05/00352/FUL INSTALLATION OF FLOODLIGHTING TO COURTS 1 AND 5,
ENDON TENNIS CLUB, STATION ROAD, ENDON FOR ENDON
Parish: Endon and Stanley Registration: 18/03/05
Case Officer: Mr. S.L. Williams Grid Reference: 9268 5329
The submission is a “second attempt” application to install floodlighting for two of the six
outdoor tennis courts. No details of the floodlighting have been supplied with the
current application. The applicant’s submission is lodged on the basis of the
Committee’s advice included on the previous decision which stated:
“In determining the planning application the Planning Applications Committee
indicated that a proposal for reduced use of the floodlights may be more
favourably received. You are advised to liaise with the local community and
the Development Control Officers before submitting a revised application.”
The arrangement of floodlighting for the previous scheme was for the erection of
12 lighting columns up to 7m above ground level which will floodlight a red ash court
nearest to the site entrance as well as the middle court on the north-east side which
have an all-weather playing surface.
The intended operating hours stated on the submitted application forms for Courts 1
and 5 are stated as:
In winter, for three weekday evenings (Monday to Wednesday) until 9.00 p.m. and
3.30 p.m. to 5.30 p.m. (Saturday and Sunday). During British Summer Time, up to
10.00 p.m. (Monday to Friday) – notably to complete matches but no lighting on
Saturday and Sunday.
The applicant’s agent has included a supporting letter which begins with comments on
the long established nature of the club which pre-dates the surrounding housing. Prior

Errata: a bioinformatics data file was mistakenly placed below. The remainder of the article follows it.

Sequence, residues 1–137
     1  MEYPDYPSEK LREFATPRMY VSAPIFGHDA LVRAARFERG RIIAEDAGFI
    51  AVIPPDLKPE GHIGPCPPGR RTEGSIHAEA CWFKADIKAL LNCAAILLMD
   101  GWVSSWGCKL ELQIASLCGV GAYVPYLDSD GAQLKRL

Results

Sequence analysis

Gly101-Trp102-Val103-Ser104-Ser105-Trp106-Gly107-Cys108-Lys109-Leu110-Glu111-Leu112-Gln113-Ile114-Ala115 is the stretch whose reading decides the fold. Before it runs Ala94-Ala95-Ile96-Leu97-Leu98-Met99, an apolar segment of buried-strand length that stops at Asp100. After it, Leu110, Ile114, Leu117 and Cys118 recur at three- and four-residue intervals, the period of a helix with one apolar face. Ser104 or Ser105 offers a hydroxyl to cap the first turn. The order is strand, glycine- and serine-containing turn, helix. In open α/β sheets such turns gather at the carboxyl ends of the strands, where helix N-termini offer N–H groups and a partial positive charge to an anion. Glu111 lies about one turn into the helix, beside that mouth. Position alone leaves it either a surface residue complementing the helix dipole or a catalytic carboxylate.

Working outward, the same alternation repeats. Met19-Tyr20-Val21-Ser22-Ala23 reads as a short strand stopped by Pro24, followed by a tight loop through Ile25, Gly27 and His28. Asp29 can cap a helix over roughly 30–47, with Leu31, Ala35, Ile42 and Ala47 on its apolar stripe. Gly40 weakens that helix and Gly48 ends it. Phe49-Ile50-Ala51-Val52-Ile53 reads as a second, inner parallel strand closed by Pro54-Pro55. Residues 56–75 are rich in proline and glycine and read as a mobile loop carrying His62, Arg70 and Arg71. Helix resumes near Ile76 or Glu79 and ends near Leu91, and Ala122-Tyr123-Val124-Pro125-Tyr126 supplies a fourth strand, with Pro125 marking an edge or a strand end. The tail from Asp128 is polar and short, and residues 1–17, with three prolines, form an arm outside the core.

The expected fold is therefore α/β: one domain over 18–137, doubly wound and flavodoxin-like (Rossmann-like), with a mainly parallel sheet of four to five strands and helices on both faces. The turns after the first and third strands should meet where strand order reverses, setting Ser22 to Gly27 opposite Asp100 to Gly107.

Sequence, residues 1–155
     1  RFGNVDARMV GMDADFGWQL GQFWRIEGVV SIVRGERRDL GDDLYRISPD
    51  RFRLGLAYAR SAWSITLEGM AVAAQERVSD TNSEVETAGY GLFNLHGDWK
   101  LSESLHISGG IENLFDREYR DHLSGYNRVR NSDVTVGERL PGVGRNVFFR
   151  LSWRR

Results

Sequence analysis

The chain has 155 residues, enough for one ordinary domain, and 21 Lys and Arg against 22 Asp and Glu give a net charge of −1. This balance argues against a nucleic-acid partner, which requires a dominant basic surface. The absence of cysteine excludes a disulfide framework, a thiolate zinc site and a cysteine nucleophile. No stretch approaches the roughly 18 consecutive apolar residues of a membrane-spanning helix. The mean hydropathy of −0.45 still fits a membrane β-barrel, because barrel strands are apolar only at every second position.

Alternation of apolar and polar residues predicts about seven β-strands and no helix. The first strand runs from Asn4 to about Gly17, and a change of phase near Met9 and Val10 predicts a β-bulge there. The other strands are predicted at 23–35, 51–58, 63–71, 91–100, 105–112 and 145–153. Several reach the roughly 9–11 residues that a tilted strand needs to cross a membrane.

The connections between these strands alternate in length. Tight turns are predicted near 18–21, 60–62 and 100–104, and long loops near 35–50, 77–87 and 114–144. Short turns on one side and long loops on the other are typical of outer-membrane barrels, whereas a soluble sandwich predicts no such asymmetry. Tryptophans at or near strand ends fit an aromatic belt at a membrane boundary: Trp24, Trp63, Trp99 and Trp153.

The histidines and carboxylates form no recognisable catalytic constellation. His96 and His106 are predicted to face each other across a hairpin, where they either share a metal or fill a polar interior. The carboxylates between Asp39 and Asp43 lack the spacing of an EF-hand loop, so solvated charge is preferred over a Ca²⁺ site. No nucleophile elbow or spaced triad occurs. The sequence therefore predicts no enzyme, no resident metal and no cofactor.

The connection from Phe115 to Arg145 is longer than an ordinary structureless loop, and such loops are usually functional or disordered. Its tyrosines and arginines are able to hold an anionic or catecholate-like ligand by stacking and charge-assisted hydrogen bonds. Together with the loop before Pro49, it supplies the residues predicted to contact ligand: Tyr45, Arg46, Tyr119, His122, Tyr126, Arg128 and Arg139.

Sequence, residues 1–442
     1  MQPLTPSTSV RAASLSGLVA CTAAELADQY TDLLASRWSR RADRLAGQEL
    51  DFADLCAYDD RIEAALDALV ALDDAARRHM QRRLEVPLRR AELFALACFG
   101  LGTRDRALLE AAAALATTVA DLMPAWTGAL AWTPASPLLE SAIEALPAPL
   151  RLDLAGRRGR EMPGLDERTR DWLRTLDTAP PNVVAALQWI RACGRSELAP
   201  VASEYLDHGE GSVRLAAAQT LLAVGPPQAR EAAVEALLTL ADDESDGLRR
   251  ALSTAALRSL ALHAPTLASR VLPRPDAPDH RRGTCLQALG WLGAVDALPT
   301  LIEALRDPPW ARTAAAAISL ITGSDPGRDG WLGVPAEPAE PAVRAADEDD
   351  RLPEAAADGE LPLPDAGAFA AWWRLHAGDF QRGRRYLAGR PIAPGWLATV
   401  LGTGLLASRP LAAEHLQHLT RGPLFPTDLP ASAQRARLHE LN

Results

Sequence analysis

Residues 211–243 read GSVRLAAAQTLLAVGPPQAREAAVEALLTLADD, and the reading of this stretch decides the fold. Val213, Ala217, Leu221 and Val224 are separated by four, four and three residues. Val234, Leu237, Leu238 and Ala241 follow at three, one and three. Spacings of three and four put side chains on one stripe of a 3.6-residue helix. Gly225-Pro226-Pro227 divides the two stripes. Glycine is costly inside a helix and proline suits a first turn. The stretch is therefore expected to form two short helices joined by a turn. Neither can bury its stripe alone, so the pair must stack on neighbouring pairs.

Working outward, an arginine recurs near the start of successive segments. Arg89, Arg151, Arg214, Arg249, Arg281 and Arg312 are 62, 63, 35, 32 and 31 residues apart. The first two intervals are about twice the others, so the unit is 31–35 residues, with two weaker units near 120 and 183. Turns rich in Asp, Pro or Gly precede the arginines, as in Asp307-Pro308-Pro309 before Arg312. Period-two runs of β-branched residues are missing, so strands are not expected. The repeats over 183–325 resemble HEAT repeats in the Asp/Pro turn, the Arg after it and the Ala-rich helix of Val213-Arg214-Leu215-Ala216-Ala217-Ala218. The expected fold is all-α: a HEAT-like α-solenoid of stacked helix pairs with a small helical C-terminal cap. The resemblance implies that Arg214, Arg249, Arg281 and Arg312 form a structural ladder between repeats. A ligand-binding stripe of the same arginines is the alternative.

to 2000 it was explained to two Leek Road households that Courts 1 and 2 were to be
considered for floodlights. No adverse comments were raised until a formal planning
application was made when “a torrent of objections” followed. The subsequent
application to floodlight Courts 1 and 5 incorporated full background details of the
applicant’s neighbour participation but (the report) had nothing good to say about the
club. No noise and disturbance has been demonstrated by Council officers nor
nuisance objections lodged with Environmental Health Services for the planning
submissions since 2000. The results of the survey undertaken for the previous
submission demonstrate that 84% of surrounding residences are not disturbed, indoors,
by play on Court 5 during winter. Further comments on the worthiness of other
neighbour comments are also included. There was an open evening three years ago
with invitations to every neighbour where only one neighbour attended. The letter
concludes by restating the proposal hours/periods for floodlighting.
There has been little change at the club premises since the last site visit by Committee.
Endon Tennis Club has six outdoor tennis courts with either red ash surfacing or all
weather surfaces on the north-east side. The main locational factor is the surrounding
residential development with houses occupying higher ground along Leek Road and
bungalows in Railway Court built on a lower level than the courts. To the south west is
the site entrance, car park and houses fronting Station Road with bungalows along the
opposite boundary in The Meadows.
The access is shared by a number of properties which front Leek Road whilst car